object is allowed to completely air oxidize between each application of the tannic acid; after the final application, the object should be
allowed to dry for one to two days.

The tannin solution reacts with the iron or iron oxide to form a ferrous tannate, which oxidizes to a mechanically strong,
compact, blue- to black-colored ferric tannate. In order to ensure a continuous tannate film, Knowles and White (1958) recommend
that all iron oxide products be removed from the surface of the artifact, otherwise there is a possibility that corrosion may start at the
junctures of the cathodic iron oxide and the tannate film. Good results can be achieved even if this recommendation is not followed;
Pelikan (1966:110-111) found that tannin solutions react directly with the metal base and with the rust if the solution is sufficiently
acidic ( pH 2 to 3). In addition to forming a corrosion-resistant film, tannin solutions can be used to impart an aesthetically pleasing
black color to iron.

A phosphate film is formed on iron objects by impregnating them with a 20 percent solution of phosphoric acid (H 3 PO4 ).
Impregnation under a vacuum is recommended in order to ensure complete penetration of the acid into all porous areas of the metal.
The acid complexes with the iron to form an inert film of ferric phosphate film on the surface of the metal. Reese-Jones (1972)
describes the above procedure and reports that porous cast-iron cannon balls from a 1588 Spanish Armada shipwreck were
successfully treated by this method after the chlorides were removed by water diffusion. Similar results can be achieved on wrought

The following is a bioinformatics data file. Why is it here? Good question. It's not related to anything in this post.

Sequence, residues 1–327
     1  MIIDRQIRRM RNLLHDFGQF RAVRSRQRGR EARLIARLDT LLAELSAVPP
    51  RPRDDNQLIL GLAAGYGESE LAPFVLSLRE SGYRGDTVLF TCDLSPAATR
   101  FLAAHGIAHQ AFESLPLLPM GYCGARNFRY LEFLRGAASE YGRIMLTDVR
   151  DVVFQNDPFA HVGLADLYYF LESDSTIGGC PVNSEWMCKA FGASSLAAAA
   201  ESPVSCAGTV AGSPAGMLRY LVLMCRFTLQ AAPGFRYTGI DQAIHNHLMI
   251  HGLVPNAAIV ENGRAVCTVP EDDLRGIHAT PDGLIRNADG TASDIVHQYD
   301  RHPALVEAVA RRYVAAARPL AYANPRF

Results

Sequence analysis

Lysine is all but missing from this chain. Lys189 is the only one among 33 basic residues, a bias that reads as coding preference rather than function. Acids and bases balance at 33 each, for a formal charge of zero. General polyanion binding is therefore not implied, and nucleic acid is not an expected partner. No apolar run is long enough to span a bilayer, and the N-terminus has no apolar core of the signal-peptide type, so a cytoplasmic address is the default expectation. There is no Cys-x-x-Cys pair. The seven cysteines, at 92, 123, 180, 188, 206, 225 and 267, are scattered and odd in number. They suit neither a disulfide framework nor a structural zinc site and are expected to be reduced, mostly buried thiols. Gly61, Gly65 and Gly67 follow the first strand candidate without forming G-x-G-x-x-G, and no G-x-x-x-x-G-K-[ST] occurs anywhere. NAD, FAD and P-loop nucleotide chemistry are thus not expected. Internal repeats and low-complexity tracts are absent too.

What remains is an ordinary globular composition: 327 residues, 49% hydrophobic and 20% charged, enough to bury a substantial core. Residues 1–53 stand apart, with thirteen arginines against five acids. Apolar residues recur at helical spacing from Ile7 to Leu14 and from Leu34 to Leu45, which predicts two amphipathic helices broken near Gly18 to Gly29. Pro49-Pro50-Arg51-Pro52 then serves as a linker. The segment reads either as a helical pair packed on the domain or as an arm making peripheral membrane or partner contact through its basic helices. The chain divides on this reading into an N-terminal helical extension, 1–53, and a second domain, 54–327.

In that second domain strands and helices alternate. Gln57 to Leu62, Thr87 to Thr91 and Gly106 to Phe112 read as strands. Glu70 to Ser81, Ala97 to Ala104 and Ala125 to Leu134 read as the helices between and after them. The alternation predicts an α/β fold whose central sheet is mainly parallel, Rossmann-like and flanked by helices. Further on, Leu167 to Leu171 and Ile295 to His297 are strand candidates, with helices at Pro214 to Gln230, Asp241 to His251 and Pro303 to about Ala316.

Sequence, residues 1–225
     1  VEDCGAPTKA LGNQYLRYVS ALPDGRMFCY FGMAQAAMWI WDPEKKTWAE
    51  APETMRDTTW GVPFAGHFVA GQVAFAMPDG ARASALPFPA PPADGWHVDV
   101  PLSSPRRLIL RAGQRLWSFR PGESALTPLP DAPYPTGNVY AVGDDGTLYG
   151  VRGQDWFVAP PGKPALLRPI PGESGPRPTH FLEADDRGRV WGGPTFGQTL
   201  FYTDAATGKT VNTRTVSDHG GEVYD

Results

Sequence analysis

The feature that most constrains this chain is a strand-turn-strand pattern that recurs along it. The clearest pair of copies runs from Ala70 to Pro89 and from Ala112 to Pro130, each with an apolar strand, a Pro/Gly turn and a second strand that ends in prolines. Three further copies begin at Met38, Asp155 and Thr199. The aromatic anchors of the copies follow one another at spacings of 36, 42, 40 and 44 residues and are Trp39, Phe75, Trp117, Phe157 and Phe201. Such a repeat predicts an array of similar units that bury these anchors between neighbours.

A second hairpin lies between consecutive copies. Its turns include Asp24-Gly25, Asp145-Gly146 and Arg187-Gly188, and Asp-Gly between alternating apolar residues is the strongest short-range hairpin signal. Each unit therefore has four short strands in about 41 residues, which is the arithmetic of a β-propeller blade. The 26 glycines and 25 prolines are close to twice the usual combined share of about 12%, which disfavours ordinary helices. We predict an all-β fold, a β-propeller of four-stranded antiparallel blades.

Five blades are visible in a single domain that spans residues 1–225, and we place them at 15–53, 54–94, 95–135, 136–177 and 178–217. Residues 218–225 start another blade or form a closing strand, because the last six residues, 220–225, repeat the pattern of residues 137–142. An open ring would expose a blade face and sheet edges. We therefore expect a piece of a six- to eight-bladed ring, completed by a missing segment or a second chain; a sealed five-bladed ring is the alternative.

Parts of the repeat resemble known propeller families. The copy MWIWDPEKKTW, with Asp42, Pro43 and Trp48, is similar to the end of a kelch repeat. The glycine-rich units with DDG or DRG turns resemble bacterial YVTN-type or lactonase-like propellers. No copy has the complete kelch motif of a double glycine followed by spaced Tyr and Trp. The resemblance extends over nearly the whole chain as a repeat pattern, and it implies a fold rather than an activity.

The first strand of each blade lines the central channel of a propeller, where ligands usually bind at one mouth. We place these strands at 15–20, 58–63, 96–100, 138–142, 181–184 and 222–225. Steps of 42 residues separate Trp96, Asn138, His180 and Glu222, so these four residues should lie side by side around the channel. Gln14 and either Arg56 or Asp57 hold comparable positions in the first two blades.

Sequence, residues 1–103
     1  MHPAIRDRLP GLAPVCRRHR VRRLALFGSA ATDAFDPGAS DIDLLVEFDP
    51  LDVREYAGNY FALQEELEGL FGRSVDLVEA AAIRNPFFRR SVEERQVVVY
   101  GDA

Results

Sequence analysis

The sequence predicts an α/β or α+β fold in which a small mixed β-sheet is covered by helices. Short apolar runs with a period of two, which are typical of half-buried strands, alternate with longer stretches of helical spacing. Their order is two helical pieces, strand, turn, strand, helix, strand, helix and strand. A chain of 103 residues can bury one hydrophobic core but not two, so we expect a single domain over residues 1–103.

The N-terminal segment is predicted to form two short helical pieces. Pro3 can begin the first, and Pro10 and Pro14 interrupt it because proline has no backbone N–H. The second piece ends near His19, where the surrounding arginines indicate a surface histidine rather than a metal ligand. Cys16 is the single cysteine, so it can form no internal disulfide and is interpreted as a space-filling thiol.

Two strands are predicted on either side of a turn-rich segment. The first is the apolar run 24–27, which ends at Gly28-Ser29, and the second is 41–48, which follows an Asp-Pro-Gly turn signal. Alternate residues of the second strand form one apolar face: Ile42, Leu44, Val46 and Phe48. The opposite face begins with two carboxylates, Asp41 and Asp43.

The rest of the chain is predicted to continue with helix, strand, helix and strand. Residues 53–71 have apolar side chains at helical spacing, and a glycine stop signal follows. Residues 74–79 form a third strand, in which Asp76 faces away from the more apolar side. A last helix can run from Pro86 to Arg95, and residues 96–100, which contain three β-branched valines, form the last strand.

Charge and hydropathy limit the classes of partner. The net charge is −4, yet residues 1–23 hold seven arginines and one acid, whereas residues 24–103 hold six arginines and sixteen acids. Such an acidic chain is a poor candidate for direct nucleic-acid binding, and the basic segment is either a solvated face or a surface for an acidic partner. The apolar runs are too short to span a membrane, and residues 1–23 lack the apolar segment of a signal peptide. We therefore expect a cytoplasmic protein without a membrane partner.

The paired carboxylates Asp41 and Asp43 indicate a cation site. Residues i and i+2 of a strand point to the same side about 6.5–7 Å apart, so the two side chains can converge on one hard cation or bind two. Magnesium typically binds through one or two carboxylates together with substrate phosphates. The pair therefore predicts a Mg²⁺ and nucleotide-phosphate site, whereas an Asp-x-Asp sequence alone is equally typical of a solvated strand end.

iron or steel.

Data reported by Pelikan (1966:112-113) indicate that a mixture of phosphoric acid and tannin solution can be used on badly
rusted iron to appreciably improve the corrosion resistance of a phosphate film. One hundred milliliters of 80-85 percent phosphoric
acid solution is added to the 20 percent tannin solution, and several coats are brushed onto the artifact. This is followed by at least
four coats of the standard 20 percent tannin solution. Following the treatment of an object with the phosphoric acid-tannin solution, a
final sealant should be applied to seal off the tannate or phosphate film. This solution does not result in the rich, dense black
coloration that Baker tannic acid does by itself.

Regardless of whether tannic or phosphoric acid is used, it is highly recommended that a sealant, such as microcrystalline wax, be
applied over the film formed on the object, The wax will provide a vapor barrier, which the film does not, and will also contribute
some strength to corrosion layers on the metal.

Treating sea-recovered iron objects by heating them to a temperature of 850°C was first attempted in Denmark in 1955 (Eriksen and
Thegel 1966). It was proposed that at this temperature, the chemically bound water associated with the ferrous chloride corrosion
products in the porous matrix of the metal would be driven off, leaving behind inactive anhydrous ferrous chloride. Simply leaving
chlorides in an anhydrous state, however, will not prevent subsequent corrosion. Both ferrous and ferric chloride are capable of
absorbing water from the atmosphere and reinitiating the corrosion process unless a perfect air-tight, atmosphere-proof coating is
applied. The success of annealing is more likely due to the sublimation of the chlorides. Experiments conducted by Pearson (1972a:25)
indicate that a temperature of 850°C is well above the melting point of ferrous chloride, and both ferrous and ferric chloride sublimed
strongly from a piece of test iron at 700°C. Therefore, it is probable that the sublimation of ferric and ferrous chlorides occurs at a
temperature of 700°C and higher.

The apparent absence of corrosion during 20 years of outdoor exposure is testimony to the success of this method. However, there
are considerable disadvantages to this method:

1. There is no opportunity to preserve the iron oxide interface. The corrosion layers spall and crumble, obliterating any decoration
or identification markings on the cannon and leave behind a badly disfigured surface.